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Hard Questions, Tough Answers with Yossi Alpher: May 20, 2013

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Alpher discusses Syria's civil war and Israel's possible involvement, the best Syrian end-game from Israel's standpoint, whether, as long as Assad holds onto power, can the Syria-Israel border remain quiet, whether there are any signs of progress in Kerry's effort to renew final status negotiations,

Q. The past week has witnessed a flurry of Israeli and other media pronouncements, some perhaps apocryphal, regarding the desired outcome in Syria's civil war and Israel's possible involvement. Where does this leave us?

A. The allegations, threats and counter-threats have come at a bewildering pace. The most suspect of these pronouncements (e.g., Israel prefers that Assad remain in power) are those published by the Times and Sunday Times of London, which tends to feature sensationalism over credibility. By the end of the week, we witnessed the Netanyahu government--having been threatened by Syria's Assad and having responded by threatening to topple his regime if it attacks Israel--trying to return to its earlier sound policy of the most minimal involvement possible by reiterating its threat only to intervene to prevent the transfer by Syria of strategic weaponry to non-state actors like Hezbollah in Lebanon. By the by, Netanyahu traveled to Russia to meet President Putin, but apparently failed to prevent Moscow from selling more such weaponry to Syria.

This round of threats and counter-threats, some of which appeared to reflect a sense of panic among Jerusalem decision-makers, was provoked by an unfortunate Pentagon assertion that Israel was behind attacks on Syrian-Hezbollah weapons transfers two weeks ago. That revelation rendered it difficult for Israel to maintain the opaque nature of its policy toward Syria and helped launch an escalatory verbal spiral. For now, the threats may have ended. But only until the next time: the situation in Syria is far too volatile for Israel to be able to remain entirely passive.

Q. All well and good. But what, in your view, is the best Syrian end-game from Israel's standpoint?

A. The following thoughts are highly speculative. They should be understood as little more than an exercise in creative strategic thinking. Broadly speaking, we are attempting to separate bad alternatives from worse in a situation where Israel has virtually no influence over the outcome.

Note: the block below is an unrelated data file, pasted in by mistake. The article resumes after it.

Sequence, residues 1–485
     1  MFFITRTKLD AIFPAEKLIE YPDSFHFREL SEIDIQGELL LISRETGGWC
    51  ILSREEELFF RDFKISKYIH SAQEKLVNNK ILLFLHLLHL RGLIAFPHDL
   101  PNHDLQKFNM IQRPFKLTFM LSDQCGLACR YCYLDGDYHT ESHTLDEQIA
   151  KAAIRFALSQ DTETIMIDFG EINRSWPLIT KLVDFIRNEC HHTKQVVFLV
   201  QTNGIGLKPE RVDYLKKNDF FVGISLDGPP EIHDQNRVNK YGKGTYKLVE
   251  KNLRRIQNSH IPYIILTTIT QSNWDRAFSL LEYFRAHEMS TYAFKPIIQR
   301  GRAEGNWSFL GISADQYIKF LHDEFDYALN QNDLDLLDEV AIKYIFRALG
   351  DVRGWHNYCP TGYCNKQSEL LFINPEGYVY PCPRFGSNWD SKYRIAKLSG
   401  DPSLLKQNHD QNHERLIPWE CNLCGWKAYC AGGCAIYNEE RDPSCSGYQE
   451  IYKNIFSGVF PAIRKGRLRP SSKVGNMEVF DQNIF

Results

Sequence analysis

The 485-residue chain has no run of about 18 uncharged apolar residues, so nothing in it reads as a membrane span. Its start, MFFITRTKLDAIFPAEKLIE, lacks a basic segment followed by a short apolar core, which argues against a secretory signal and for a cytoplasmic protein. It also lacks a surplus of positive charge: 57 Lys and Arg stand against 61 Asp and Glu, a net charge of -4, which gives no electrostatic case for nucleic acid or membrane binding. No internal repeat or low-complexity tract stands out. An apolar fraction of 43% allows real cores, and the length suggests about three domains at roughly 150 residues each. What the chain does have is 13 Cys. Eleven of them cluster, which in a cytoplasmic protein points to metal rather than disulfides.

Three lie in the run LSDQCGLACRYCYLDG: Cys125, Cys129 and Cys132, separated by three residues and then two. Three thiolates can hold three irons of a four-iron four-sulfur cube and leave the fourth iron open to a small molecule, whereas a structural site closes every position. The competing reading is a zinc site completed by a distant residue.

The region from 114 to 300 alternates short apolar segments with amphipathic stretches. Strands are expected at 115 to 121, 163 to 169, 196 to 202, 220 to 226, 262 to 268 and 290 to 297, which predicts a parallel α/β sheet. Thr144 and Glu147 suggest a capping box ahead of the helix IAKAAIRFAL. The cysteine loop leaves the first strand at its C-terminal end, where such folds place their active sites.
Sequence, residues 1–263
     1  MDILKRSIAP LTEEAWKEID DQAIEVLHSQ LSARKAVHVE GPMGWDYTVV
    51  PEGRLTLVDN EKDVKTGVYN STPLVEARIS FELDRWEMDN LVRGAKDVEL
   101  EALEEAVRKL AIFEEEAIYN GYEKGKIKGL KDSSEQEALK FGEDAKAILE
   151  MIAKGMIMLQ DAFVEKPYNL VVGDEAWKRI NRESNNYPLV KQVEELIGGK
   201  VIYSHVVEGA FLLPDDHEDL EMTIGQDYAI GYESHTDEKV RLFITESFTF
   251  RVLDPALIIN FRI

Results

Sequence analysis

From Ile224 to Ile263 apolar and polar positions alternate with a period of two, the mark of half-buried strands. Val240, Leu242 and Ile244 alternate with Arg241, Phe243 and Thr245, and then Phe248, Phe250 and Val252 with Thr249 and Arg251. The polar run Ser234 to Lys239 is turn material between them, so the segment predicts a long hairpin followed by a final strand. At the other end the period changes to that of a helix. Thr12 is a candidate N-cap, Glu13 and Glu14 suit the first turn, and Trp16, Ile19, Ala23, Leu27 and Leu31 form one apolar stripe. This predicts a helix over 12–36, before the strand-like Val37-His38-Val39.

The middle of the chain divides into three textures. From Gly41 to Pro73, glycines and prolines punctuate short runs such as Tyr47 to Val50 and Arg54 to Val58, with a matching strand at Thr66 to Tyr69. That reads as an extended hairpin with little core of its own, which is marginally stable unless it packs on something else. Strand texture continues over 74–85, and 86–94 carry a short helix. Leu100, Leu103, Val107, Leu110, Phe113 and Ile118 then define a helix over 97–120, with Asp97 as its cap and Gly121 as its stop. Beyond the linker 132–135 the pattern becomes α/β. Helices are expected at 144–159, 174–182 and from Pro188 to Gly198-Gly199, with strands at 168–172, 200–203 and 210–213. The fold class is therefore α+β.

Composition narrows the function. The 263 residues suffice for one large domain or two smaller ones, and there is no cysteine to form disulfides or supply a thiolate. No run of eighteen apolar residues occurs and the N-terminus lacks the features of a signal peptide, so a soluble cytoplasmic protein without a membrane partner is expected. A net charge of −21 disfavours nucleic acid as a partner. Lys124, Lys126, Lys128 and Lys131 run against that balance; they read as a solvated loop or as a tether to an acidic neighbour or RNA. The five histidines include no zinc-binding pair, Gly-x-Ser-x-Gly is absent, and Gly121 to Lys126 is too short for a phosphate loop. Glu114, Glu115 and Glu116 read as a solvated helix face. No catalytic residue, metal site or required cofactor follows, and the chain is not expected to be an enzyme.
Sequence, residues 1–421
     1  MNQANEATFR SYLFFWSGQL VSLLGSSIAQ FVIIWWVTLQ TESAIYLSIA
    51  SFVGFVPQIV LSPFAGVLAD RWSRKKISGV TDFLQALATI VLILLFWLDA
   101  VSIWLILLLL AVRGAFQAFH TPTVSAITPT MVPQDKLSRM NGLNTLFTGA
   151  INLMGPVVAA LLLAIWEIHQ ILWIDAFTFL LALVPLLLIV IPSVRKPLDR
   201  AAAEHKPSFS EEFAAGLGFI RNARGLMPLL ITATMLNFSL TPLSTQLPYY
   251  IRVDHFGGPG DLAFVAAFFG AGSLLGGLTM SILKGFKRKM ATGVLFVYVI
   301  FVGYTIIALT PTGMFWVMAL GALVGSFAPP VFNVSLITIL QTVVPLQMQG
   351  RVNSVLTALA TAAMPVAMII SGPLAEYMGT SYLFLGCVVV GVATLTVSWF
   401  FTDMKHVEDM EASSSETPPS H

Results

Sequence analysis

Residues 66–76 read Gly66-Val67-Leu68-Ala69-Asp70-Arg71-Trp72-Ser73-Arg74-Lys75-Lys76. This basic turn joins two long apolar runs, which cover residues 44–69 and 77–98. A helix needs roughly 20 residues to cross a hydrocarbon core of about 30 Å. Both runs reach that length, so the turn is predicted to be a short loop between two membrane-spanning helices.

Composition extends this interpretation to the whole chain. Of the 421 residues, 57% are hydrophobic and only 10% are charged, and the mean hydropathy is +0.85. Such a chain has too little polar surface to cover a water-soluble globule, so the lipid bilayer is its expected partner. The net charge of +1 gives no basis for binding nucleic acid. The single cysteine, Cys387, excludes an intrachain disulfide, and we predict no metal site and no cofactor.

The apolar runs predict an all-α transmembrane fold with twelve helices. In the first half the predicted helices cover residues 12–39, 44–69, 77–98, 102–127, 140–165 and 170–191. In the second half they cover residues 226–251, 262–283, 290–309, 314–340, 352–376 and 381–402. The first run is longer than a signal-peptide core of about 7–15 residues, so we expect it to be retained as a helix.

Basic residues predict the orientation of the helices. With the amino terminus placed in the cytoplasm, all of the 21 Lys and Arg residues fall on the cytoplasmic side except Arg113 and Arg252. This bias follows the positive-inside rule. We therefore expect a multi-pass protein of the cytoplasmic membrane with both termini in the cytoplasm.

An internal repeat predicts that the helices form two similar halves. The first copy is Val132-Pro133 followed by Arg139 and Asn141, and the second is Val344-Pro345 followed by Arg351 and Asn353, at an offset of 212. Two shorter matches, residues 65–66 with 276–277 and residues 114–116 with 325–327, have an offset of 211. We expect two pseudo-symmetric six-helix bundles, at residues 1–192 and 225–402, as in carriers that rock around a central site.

I would argue that the least bad long-term end-game scenario from Israel's standpoint is the takeover of Syria by a moderate secular Sunni-dominated government. Note that the chances of this happening are close to nil: while secular Sunnis are active in the Syrian opposition, such governments don't exist today in the Arab Middle East. Despite this near-zero probability, were secular Sunnis somehow to grasp power, Israel would come under heavy pressure to reward this outcome by declaring its readiness to turn over the Golan Heights to Syria in return for peace. The Levant region would at least temporarily be stabilized.

The next best outcome is the rise to power in Damascus of the Muslim Brotherhood. A few years ago, this seemed like a nightmare scenario. But with the strengthening of more extreme Salafist movements in Arab revolutionary countries like Egypt, Tunisia and Syria, and in view of the relatively responsible behavior toward Israel displayed thus far by the Egyptian Muslim Brethren, a Syrian Brotherhood regime begins to look more acceptable. It might just be capable of coexisting peacefully with Israel, especially in view of the daunting task it would confront in rebuilding Syria.

Note that both of these two opening alternatives offer Israel the added advantage of removing Iranian influence from Syria and to a large extent from Lebanon's Hezbollah as well.

Third, Somalization: Syria descends into the chaos of warring clans and ethnic groups, none strong enough to wield effective power in Damascus. Peace or even peaceful coexistence would not be an option. Yet, while Israel's border with Syria would undoubtedly come under terrorist attack, the likelihood of a strategic threat emanating from Syria would be low, since most Syrians would be busy fighting one another and just surviving. On the other hand, Israel would confront the danger of this sort of anarchy spreading to neighboring countries like Lebanon, Iraq and Turkey, with ramifications that are difficult to foresee.

In some ways, option three increasingly describes the current situation in Syria, which could indeed prevail for years.

Fourth in order of preference for Israel would be the survival of the Assad regime, bolstered by its allies Iran and Hezbollah. For the foreseeable future, this would likely mean no peace and no war with Syria--an extension of the status quo of the past 40 years. It would take years for Assad to reconsolidate his control over the entire country and rebuild infrastructure, thereby distracting the regime from external adventures. On the other hand, from Israel's standpoint this means the aggrandizement of Iranian power and influence in the Levant--a very negative prospect. Even in the short term, Iran and Hezbollah might feel empowered to open an active front against Israel along its Lebanon border. Moreover, from a broad regional perspective, this scenario appears to ratify or rationalize the wholesale murder and exile of a country's civilians by its embattled leader--a daunting prospect for the Middle East.

This is the "better the devil we know" approach that was ascribed last week to certain Israeli security figures.

Fifth and last, I would rank a takeover of Syria by Sunni Salafists of the Qaeda-Nusra school. To the extent they attained uncontested power in Damascus, they would quickly set their sights on neighbors like Israel and Jordan. Were they able to take over even a portion of Assad's arsenal of chemical weapons and missile delivery systems, this could mean, within a relatively short time, all-out war with Israel.

Additional scenarios come to mind, such as the partition of Syria into two or more ethnic statelets. But it is virtually impossible at this juncture to assess their specific ramifications for Israel or "rank" their desirability from Israel's standpoint.

Q. Meanwhile, and as long as Assad holds onto power, can the Syria-Israel border remain quiet?